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Filipino nurses fill critical jobs as workforce shortage intensifies

Elizabeth Trovall Sep 11, 2023
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Houston-area Filipino nurses Cristina Dimafiles and JohnRich Levine are veterans of the field. Elizabeth Trovall/Marketplace

Filipino nurses fill critical jobs as workforce shortage intensifies

Elizabeth Trovall Sep 11, 2023
Heard on:
Houston-area Filipino nurses Cristina Dimafiles and JohnRich Levine are veterans of the field. Elizabeth Trovall/Marketplace
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Nurses have left the profession at historic levels while demand for their services increases as the U.S. population ages. To fill these critical positions, many health care providers are looking abroad to recruit from an international pool of qualified nurses.

“Demand is extraordinary right now,” said Sinead Carbery, head of international recruitment at AMN Healthcare, who added that requests for international nurses have tripled since before the pandemic.

The United States recruits nurses from all over the world, but no country has contributed more when it comes to filling critical nursing positions than the Philippines. It accounts for 27% of foreign-born registered nurses or around 150,000 people, according to the Migration Policy Institute.

“Filipino nurses that graduated from the Philippines go through four to five years of nursing training, and it’s rigorous,” said Mila Sprouse, who studied in the Philippines and is now chief nursing officer at Seattle’s Virginia Mason Medical Center.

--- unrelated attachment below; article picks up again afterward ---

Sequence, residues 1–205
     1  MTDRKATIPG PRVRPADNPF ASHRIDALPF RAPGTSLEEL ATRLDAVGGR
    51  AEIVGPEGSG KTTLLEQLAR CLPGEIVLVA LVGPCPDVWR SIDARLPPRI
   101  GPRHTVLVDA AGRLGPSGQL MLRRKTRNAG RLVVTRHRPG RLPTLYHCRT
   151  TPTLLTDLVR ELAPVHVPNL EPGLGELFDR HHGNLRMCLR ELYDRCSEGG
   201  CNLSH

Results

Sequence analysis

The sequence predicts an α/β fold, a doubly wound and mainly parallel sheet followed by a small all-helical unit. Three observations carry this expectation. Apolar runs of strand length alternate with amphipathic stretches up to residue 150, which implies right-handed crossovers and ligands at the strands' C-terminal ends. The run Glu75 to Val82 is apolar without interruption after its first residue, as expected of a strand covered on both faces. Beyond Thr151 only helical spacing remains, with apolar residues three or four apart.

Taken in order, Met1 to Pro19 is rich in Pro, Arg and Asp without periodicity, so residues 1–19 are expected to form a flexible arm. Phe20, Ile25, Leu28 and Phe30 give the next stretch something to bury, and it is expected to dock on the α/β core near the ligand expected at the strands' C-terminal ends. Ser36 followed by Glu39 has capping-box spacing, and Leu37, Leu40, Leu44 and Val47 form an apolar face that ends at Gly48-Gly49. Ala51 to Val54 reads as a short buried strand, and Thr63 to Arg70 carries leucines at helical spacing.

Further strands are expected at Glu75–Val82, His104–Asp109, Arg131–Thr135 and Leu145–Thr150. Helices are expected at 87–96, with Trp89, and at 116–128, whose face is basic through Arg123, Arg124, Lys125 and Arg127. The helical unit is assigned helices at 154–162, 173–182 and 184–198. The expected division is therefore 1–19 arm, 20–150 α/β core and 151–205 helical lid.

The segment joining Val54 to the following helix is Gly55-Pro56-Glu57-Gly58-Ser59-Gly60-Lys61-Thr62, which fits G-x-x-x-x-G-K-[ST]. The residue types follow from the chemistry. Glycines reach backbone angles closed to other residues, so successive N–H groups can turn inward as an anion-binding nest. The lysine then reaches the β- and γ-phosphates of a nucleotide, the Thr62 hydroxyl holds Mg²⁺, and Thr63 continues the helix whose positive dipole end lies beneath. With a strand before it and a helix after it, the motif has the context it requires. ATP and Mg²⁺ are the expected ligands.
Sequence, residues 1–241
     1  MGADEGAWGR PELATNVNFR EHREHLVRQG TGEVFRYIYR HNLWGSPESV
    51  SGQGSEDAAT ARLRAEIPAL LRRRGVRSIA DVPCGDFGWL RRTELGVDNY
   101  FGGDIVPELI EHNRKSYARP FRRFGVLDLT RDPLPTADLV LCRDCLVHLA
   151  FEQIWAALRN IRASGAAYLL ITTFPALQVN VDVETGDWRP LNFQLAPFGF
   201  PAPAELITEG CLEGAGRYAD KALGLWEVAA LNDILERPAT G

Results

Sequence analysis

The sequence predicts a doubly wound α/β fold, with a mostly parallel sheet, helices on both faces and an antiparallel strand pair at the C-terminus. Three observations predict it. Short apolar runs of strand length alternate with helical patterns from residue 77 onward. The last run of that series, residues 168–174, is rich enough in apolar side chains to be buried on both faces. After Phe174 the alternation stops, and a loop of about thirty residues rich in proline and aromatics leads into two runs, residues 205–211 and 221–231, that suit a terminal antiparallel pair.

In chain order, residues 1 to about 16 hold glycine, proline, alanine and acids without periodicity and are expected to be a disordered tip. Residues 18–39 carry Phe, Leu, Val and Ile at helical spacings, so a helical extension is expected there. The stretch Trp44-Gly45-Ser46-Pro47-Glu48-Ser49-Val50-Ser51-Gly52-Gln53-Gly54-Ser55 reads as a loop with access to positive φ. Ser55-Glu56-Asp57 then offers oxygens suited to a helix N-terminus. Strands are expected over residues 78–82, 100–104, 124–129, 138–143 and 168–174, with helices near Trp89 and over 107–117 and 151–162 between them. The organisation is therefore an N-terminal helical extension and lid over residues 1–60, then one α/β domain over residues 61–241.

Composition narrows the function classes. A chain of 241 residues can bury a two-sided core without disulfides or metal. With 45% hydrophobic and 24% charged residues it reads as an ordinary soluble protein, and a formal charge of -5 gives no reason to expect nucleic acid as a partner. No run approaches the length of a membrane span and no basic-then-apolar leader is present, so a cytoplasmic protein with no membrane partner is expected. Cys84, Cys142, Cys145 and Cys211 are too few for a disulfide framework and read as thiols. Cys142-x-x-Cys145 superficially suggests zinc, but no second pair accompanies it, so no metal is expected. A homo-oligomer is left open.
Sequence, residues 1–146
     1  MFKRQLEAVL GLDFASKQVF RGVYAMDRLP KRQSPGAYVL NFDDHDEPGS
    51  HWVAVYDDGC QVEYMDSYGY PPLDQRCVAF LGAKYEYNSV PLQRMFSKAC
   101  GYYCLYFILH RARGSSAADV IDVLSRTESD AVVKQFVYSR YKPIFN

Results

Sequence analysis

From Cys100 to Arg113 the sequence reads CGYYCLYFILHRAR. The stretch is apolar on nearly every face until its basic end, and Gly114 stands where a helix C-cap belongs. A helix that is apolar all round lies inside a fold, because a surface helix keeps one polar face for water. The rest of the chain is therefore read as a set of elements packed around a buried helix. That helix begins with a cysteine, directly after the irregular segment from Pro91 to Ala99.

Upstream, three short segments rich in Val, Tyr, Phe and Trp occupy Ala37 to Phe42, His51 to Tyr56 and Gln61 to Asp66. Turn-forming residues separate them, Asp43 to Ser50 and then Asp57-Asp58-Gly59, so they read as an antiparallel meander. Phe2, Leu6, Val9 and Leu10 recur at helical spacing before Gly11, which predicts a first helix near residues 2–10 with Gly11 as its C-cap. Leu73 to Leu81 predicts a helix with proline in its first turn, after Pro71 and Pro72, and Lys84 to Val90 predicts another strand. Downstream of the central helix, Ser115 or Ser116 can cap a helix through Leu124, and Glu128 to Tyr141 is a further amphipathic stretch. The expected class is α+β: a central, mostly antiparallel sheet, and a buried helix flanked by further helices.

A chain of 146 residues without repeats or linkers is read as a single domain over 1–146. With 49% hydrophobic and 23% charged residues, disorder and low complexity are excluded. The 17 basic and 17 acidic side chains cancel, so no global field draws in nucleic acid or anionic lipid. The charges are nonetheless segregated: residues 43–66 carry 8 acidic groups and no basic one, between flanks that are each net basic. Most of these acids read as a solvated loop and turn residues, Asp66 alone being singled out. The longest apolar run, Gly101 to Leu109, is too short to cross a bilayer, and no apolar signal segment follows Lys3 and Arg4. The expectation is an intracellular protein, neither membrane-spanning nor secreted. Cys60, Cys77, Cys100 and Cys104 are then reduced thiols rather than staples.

“It’s not for the faint of heart, and so we are very well-positioned to actually take on challenges,” she said.

“Filipino nurses are very caring,” said Cristina Dimafiles, a nursing director at Baylor St. Luke’s Medical Center, who comes from a family of nurses from the Philippines.

Many of these nurses prefer to stay at the bedside, she said. “That’s why we are the big global exporter of nurses.”

Dimafiles has been at the front lines of the worsening nursing shortage playing out in U.S. hospitals, especially at the bedside, where nurses directly interact with patients. As a leader in her field, she’s concerned about training and retaining the next generation — and she sees how valuable Filipino nurses are in the mix.

“We have a lot of young, new nurses,” Dimafiles said.

“Bedside-wise, [there’s] not a lot of competencies there,” said JohnRich Levine, who is also a nursing leader at Baylor St. Luke’s. That’s why U.S. health care providers are eager to hire experienced, well-trained nurses — like those from the Philippines.

But Canada, the United Kingdom, Saudi Arabia and other countries are competing for foreign nurses as well. So much so that the Philippines is dealing with a nursing shortage of its own.

But those working abroad play a critical role in the Philippine economy because many send money home. Total remittances to the country account for 9% of gross domestic product, according to the Philippine Central Bank.